In a recent paper, Eric Posner and I argue that cost-benefit analysis (CBA) should become a judicially-enforced legal requirement for regulatory agencies. That is, agencies that promulgate major rules should be required to perform CBA and regulate only if the benefits of the regulation would exceed the costs. Judges should enforce this requirement by scrutinizing agency CBAs and rejecting regulations that do not pass a cost-benefit test. We based our argument in part on the inherent merits of cost-benefit analysis: it is a rational, politically neutral, scientifically-based decision procedure that provides a great deal of information as to whether a project will increase or decrease social welfare. CBA is not perfect, but it is superior to nearly every alternative, and certainly superior to not performing any type of welfare analysis.
We then advanced to what is perhaps an even more provocative claim: as a descriptive matter, the courts have already moved in the direction of requiring that agencies regulate on the basis of cost-benefit analysis. In the course of three cases spanning fifteen years—Whitman v. American Trucking, Entergy v. Riverkeeper, and Michigan v. EPA—the Supreme Court progressed from holding that an ambiguous statute prohibited CBA (Whitman), to holding that CBA was permitted despite a statute that seemed to indicate to the contrary (Entergy), to holding that CBA (or a close facsimile) was required by an ambiguous statute (Michigan). What is more, even though Michigan v. EPA was decided on a 5-4 vote, even the four dissenting judges agreed that agencies were not permitted to regulate when costs substantially exceeded benefits. (The dissent was based upon whether or not the EPA had complied with that requirement, and here we agreed with the dissent.) We predicted that this trend would continue, and that courts would continue to make even greater demands of agencies that they regulate on the basis of sound science and rational consideration of costs and benefits.
Of course, there is an even more direct route to that outcome: Congress could simply pass a law requiring that agencies conduct CBA and directing courts to review those CBAs. That is precisely what the Senate version of the Regulatory Accountability Act, S. 951, would do. The bill would require all agencies, including independent agencies, to consider a “reasonable number of [regulatory] alternatives” and select the “most cost-effective” rule, unless “the additional benefits of the more costly rule justify the additional costs of that rule.” The language is somewhat ambiguous, but a reasonable interpretation is that agencies must conduct CBA and select the regulatory alternative that generates the greatest net benefits. Courts would then be charged with reviewing whether agencies had complied with this cost-benefit standard, at least with respect to major and high-impact rules.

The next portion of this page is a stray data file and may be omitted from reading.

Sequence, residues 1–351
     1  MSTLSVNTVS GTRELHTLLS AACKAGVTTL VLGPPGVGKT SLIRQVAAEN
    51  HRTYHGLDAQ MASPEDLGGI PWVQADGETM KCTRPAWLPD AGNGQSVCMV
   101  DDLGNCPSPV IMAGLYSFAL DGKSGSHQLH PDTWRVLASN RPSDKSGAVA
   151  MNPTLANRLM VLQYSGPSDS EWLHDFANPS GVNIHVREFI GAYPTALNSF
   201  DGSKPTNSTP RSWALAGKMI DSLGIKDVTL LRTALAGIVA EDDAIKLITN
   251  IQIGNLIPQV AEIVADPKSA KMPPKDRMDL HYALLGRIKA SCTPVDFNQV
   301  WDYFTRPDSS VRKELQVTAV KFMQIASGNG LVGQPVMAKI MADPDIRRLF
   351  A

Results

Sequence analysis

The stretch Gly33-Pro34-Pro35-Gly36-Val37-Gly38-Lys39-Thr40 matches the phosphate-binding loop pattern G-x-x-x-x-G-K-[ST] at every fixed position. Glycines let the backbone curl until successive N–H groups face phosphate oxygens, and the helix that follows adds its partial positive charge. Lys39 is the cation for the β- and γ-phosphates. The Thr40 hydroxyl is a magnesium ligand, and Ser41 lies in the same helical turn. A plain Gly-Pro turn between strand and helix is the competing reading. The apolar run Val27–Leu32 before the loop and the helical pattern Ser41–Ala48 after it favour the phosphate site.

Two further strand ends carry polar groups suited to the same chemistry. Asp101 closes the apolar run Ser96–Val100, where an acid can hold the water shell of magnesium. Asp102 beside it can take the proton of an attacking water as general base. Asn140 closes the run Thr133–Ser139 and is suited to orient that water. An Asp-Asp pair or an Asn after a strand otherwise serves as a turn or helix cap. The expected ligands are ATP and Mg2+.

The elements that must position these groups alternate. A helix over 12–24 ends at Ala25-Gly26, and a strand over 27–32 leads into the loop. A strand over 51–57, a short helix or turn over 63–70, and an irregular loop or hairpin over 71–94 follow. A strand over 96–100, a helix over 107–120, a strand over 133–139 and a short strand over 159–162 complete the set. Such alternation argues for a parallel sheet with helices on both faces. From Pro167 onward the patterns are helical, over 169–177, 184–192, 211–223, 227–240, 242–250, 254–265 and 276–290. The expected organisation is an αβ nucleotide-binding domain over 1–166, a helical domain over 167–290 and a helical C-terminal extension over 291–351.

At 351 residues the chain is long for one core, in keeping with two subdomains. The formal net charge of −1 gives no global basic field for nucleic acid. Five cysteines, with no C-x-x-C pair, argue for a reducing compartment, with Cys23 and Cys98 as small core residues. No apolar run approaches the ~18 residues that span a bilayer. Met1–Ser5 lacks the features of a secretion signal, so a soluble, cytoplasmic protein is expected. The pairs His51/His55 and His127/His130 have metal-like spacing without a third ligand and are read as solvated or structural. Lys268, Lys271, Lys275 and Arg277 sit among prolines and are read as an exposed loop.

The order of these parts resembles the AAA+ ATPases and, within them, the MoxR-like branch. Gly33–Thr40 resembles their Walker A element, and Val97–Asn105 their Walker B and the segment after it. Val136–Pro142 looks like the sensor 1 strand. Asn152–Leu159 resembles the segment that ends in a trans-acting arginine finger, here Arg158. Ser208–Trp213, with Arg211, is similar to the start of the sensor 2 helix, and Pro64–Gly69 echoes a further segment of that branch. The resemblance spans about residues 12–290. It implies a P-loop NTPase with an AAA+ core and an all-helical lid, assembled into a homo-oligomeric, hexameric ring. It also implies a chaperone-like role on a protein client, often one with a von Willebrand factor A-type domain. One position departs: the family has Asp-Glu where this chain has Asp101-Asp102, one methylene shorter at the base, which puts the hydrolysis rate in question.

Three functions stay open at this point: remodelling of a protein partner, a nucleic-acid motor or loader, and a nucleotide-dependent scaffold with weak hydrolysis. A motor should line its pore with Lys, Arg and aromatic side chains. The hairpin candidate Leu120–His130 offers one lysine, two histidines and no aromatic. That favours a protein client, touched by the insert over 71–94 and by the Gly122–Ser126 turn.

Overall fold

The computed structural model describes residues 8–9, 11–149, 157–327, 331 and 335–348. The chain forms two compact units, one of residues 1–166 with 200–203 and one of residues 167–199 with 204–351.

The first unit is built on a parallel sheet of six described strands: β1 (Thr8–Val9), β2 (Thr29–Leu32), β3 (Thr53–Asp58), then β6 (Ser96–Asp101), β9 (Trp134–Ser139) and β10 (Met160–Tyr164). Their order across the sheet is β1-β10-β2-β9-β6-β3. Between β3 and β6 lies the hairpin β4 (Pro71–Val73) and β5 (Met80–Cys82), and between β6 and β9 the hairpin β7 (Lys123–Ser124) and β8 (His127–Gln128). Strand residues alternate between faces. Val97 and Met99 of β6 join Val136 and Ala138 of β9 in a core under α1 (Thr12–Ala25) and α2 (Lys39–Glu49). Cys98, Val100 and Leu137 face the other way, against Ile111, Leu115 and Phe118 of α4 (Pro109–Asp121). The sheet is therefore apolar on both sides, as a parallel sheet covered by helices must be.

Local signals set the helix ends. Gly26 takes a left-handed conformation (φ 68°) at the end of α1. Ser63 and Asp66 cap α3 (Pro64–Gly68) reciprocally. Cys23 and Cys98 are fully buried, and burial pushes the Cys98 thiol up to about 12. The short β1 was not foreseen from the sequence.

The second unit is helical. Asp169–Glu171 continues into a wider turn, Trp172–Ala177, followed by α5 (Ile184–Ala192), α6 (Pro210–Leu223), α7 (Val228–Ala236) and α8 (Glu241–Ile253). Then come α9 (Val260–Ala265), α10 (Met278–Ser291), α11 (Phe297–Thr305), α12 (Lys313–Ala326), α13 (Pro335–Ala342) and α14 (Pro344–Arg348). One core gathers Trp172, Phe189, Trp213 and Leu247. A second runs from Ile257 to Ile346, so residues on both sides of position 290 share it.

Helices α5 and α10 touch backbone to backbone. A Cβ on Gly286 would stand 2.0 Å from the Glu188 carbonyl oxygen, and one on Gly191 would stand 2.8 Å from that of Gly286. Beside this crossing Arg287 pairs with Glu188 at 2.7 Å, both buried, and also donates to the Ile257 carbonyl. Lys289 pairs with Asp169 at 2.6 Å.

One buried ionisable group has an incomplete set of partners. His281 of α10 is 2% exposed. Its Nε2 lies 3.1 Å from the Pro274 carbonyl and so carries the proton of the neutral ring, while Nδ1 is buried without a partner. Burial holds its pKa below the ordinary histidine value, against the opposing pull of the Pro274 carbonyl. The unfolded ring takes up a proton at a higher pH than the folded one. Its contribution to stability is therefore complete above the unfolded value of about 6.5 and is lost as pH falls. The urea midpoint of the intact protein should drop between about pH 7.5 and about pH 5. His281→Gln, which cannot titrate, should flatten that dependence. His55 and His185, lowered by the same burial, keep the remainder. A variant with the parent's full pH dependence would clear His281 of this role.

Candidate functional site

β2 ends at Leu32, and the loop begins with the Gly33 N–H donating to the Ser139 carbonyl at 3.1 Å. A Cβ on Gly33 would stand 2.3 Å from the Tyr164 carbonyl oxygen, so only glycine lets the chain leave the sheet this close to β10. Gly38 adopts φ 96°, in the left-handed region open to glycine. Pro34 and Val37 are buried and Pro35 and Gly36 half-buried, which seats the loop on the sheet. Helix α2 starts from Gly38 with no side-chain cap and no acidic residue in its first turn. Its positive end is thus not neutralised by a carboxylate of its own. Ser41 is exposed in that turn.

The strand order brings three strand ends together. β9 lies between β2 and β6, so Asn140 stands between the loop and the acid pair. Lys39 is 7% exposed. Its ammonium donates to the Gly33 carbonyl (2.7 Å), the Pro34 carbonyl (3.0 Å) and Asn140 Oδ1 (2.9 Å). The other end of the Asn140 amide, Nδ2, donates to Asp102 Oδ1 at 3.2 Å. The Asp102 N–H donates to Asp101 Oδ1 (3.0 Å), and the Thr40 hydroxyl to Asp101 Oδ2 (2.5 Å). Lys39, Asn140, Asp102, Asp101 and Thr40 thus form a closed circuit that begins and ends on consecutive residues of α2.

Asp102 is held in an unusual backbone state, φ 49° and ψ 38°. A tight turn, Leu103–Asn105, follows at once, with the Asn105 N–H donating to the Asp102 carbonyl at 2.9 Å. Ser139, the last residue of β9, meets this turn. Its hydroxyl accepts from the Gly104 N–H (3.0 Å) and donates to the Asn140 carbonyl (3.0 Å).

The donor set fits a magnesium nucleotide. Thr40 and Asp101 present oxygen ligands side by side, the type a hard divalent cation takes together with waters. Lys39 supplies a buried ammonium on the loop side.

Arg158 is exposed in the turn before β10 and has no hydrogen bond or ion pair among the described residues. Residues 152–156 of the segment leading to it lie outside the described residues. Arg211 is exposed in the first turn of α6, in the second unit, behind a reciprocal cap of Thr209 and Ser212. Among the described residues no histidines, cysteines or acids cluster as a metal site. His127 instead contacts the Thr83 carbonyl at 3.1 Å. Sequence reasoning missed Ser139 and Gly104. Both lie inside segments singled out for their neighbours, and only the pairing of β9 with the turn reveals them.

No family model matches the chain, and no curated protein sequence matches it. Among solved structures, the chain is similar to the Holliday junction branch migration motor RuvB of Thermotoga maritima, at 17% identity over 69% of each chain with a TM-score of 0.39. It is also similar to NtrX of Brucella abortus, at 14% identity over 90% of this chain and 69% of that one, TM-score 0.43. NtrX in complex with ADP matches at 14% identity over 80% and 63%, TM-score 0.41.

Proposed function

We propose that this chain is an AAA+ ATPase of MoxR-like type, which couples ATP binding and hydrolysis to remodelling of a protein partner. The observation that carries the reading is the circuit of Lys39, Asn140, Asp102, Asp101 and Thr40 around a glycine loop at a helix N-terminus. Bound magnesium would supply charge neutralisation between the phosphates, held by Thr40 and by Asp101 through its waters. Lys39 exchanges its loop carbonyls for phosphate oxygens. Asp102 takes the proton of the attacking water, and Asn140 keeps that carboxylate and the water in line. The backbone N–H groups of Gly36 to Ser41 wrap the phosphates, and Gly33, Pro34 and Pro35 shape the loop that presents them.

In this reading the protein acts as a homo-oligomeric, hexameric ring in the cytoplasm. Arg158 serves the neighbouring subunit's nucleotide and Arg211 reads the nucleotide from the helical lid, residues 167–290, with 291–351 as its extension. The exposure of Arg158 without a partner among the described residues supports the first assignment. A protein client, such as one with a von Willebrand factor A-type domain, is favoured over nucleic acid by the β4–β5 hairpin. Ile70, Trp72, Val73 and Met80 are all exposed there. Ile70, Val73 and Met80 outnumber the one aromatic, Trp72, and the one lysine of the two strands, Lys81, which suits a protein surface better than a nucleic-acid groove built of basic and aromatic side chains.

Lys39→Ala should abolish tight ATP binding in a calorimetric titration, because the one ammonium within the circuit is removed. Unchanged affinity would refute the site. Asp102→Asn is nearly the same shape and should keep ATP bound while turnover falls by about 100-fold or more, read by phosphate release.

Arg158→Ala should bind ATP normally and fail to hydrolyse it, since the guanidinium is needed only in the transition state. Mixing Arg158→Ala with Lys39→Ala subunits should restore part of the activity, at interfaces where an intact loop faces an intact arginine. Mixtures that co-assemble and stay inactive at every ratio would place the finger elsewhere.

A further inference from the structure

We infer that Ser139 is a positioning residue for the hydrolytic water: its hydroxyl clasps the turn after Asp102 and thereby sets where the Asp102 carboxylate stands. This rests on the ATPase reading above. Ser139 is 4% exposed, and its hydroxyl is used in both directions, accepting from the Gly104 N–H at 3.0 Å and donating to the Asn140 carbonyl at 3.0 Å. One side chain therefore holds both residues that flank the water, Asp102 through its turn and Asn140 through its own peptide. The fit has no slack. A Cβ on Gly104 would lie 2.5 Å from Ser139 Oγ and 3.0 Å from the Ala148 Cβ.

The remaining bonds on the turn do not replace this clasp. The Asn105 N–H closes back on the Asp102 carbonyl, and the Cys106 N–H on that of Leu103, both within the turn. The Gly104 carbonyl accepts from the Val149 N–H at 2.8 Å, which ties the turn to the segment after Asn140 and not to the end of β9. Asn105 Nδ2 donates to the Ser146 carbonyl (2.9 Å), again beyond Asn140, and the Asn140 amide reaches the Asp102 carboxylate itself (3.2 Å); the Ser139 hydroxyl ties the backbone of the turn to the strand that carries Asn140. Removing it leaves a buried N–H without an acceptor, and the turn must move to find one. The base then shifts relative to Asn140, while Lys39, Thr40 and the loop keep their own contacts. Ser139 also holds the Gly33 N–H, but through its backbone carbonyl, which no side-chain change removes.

The bill thus represents a significant and positive step in the direction of rational and cost-justified regulation. It succinctly and explicitly achieves the goal toward which the Supreme Court has been inching for years: requiring that agencies act only when their regulations will do more harm than good. No piece of legislation is perfect, and several scholars, including Professor Chris Walker, have done an excellent job of describing some of the other strengths and weaknesses of the bill. Nevertheless, the cost-benefit mandates in the Senate bill are likely to improve regulatory outcomes across a wide variety of agencies and regulations. The bill also requires that agencies regulate only on the basis of sound science, but it does so without placing excessive or unwarranted demands on regulatory agencies. The bill only requires that agencies regulate “on the basis of the best reasonably available scientific, technical, or economic information.” It is hard to imagine the argument for allowing agencies to regulate on any other basis.